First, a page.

The Embassy continues to accept adult passport renewal applications by mail. For more information on this process, please click here.  

Due to reduced operations at U.S. domestic facilities, U.S. citizens who have previously applied for routine passport or Consular Report of Birth Abroad (CRBA) services may expect delays in receiving their documents.  Applicants with documents in transit who have imminent travel plans to the United States may apply for emergency passports by scheduling an emergency appointment through the email address listed below.  As a reminder, U.S. citizen children do not require a CRBA to qualify for an emergency passport.

Also these:

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Posted: 1:59 am ET
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U.S. Ambassador to Sierra Leone Maria Brewer

U.S. Ambassador to Algeria John Desrocher

U.S. Ambassador to Ethiopia Michael Raynor

U.S. Ambassador to Senegal Tulinabo Mushingi

U.S. Ambassador to Guatemala Luis Arreaga

U.S. Ambassador to Italy Lewis Eisenberg

U.S. Ambassador to Costa Rica Sharon Day

U.S. Ambassador to Portugal, George E. Glass

U.S. Ambassador to Japan Bill Hagerty

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Senate Confirmations: Hoover, Harrington, Robinson, Hartley, Hachigian

— Domani Spero
[twitter-follow screen_name=’Diplopundit’ ]

 

The Senate confirmed the following nominations:

September 11, 2014

Sierra Leone: John Hoover, of Massachusetts, a Career Member of the Senior Foreign Service, Class of Counselor, to be Ambassador Extraordinary and Plenipotentiary of the  United States of America to the Republic of Sierra Leone.

 

September 16, 2014

Lesotho: Matthew T. Harrington, of Virginia, to be Ambassador Extraordinary and Plenipotentiary of the United States of America to the Kingdom of Lesotho

Matthew T. Harrington (left), Army South’s political advisor, speaks with Col. Steven Woods, Army South deputy commander for support, Aug. 24, 2011 (DOD photo)

Matthew T. Harrington (left), Army South’s political advisor, speaks with Col. Steven Woods, Army South deputy commander for support, Aug. 24, 2011 (DOD photo)

Guatemala: Todd D. Robinson, of New Jersey, to be Ambassador Extraordinary and Plenipotentiary of the United States of America to the Republic of Guatemala

France and Monaco: Jane D. Hartley, of New York, to be Ambassador Extraordinary and Plenipotentiary of the United States of America to the French Republic; to serve concurrently and without additional compensation as Ambassador Extraordinary and Plenipotentiary of the United States of America to the Principality of Monaco

ASEAN: Nina Hachigian, of California, to be Representative of the United States of America to the Association of Southeast Asian Nations, with the rank and status of Ambassador Extraordinary and Plenipotentiary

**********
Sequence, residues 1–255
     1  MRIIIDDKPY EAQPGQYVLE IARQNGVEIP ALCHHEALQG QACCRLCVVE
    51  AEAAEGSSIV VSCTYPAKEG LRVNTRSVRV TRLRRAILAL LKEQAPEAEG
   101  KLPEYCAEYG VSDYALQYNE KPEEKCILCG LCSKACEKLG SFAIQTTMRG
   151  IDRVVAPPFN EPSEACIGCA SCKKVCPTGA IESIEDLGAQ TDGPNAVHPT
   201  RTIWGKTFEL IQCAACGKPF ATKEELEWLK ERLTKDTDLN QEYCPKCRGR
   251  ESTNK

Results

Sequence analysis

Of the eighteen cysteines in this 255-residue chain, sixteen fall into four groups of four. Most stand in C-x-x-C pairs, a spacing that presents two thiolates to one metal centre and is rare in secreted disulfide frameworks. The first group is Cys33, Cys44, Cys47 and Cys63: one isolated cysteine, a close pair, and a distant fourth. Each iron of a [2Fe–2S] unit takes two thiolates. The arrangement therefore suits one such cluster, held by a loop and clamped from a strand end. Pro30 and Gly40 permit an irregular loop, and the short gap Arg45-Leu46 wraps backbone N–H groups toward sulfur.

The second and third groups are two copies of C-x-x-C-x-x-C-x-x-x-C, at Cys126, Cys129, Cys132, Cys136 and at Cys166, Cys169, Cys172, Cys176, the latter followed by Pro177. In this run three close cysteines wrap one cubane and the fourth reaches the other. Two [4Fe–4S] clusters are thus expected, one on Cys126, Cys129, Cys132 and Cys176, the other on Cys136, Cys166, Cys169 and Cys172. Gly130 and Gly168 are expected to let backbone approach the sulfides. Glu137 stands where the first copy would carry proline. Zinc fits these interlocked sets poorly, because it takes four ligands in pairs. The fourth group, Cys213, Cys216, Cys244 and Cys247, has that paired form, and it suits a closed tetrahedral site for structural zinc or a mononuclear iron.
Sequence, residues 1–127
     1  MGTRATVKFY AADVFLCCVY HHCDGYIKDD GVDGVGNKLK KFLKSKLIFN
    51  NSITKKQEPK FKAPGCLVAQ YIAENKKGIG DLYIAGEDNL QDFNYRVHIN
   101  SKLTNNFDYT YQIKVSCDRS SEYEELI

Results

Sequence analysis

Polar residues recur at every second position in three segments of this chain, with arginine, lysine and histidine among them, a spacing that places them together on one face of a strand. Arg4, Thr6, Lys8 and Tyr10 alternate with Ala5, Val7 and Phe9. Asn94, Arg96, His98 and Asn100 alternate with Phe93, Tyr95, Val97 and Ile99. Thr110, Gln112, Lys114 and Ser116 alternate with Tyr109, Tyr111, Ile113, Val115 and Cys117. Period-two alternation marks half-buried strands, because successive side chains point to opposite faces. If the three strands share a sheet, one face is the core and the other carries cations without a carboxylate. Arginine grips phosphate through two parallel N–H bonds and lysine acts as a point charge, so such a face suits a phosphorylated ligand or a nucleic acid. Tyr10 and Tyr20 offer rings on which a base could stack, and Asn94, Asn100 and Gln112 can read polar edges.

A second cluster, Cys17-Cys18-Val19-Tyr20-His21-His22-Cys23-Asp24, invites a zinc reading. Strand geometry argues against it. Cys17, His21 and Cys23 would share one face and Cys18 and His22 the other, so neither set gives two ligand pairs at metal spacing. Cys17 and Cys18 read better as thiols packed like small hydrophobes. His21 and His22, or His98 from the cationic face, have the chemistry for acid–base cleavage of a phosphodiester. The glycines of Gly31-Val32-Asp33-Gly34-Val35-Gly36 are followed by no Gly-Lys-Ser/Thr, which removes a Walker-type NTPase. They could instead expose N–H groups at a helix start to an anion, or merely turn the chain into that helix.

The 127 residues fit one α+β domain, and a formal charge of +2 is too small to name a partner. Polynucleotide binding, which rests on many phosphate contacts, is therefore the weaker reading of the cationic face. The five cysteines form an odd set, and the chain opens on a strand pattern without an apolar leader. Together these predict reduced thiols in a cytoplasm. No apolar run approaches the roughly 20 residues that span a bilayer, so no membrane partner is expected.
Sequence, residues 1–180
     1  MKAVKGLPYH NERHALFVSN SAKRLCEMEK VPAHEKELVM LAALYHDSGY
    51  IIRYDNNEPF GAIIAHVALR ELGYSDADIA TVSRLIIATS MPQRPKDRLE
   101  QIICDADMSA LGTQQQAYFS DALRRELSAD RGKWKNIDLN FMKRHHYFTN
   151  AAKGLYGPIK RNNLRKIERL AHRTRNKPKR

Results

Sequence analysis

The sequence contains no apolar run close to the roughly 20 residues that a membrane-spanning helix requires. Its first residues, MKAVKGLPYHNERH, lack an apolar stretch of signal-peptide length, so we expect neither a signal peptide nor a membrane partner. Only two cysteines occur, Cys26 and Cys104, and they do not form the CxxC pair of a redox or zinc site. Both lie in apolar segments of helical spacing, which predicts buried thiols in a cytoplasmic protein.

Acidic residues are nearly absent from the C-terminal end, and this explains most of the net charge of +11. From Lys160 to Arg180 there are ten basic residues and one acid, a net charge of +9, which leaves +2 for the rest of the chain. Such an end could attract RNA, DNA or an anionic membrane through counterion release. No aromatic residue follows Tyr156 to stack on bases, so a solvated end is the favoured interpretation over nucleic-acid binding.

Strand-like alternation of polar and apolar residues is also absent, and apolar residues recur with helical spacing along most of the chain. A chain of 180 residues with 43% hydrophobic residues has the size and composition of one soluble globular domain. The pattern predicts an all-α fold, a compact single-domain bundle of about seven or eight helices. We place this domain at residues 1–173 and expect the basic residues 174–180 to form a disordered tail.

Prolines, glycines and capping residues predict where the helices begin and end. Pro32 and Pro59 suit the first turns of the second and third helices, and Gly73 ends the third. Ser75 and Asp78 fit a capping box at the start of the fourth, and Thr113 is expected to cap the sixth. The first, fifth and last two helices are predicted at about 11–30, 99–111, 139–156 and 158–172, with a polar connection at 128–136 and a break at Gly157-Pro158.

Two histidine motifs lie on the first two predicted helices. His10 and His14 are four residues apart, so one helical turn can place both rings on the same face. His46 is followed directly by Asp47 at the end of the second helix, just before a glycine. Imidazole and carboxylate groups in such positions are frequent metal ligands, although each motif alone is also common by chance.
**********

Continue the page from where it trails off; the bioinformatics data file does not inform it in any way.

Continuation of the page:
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Unsealed Indictment Charges Former USAID Official Marta Rita Velazquez with Conspiracy to Commit Espionage

Via USDOJ:

WASHINGTON—A one-count indictment was unsealed today in U.S. District Court for the District of Columbia charging Marta Rita Velazquez, 55, with conspiracy to commit espionage, announced John Carlin, Acting Assistant Attorney General for National Security; Ronald C. Machen, Jr., U.S. Attorney for the District of Columbia; and Valerie Parlave, Assistant Director in Charge of the FBI’s Washington Field Office.

The charges against Velazquez stem from, among other things, her alleged role in introducing Ana Belen Montes, now 55, to the Cuban Intelligence Service (CuIS) in 1984; in facilitating Montes’s recruitment by the CuIS; and in helping Montes later gain employment at the U.S. Defense Intelligence Agency (DIA). Montes served as an intelligence analyst at DIA from September 1985 until she was arrested for espionage by FBI agents on September 21, 2001. On March 19, 2002, Montes pleaded guilty in the District of Columbia to conspiracy to commit espionage on behalf of Cuba. Montes is currently serving a 25-year prison sentence.

The indictment against Velazquez, who is also known as “Marta Rita Kviele” and as “Barbara,” was originally returned by a grand jury in the District of Columbia on February 5, 2004. It has remained under court seal until today. Velazquez has continuously remained outside the United States since 2002. She is currently living in Stockholm, Sweden. If convicted of the charges against her, Velazquez faces a potential sentence of up to life in prison.

According to the indictment, Velazquez was born in Puerto Rico in 1957. She graduated from Princeton University in 1979 with a bachelor’s degree in political science and Latin American studies. Velazquez later obtained a law degree from Georgetown University Law Center in 1982 and a master’s degree from Johns Hopkins University School of Advanced International Studies (SAIS) in Washington, D.C., in 1984.

Velazquez later served as an attorney advisor at the U.S. Department of Transportation, and, in 1989, she joined the State Department’s U.S. Agency for International Development (USAID) as a legal officer with responsibilities encompassing Central America. During her tenure at USAID, Velazquez held a top secret security clearance and was posted to the U.S. Embassies in Nicaragua and Guatemala. In June 2002, Velazquez resigned from USAID following press reports that Montes had pleaded guilty to espionage and was cooperating with the U.S. government. Velazquez has remained outside the United States since 2002.

The indictment alleges that, beginning in or about 1983, Velazquez conspired with others to transmit to the Cuban government and its agents documents and information relating to the U.S. national defense, with the intent that they would be used to the injury of the United States and to the advantage of the Cuban government.

As part of the conspiracy, Velazquez allegedly helped the CuIS spot, assess, and recruit U.S. citizens who occupied sensitive national security positions or had the potential of occupying such positions in the future to serve as Cuban agents. For example, the indictment alleges that, while Velazquez was a student with Montes at SAIS in Washington, D.C., in the early 1980s, Velazquez fostered a strong, personal friendship with Montes, with both sharing similar views of U.S. policies in Nicaragua at the time.

In December 1984, the indictment alleges, Velazquez introduced Montes in New York City to a Cuban intelligence officer who identified himself as an official of the Cuban Mission to the United States. The intelligence officer then recruited Montes. In 1985, after Montes’ recruitment, Velazquez personally accompanied Montes on a clandestine trip to Cuba for Montes to receive spy craft training from CuIS.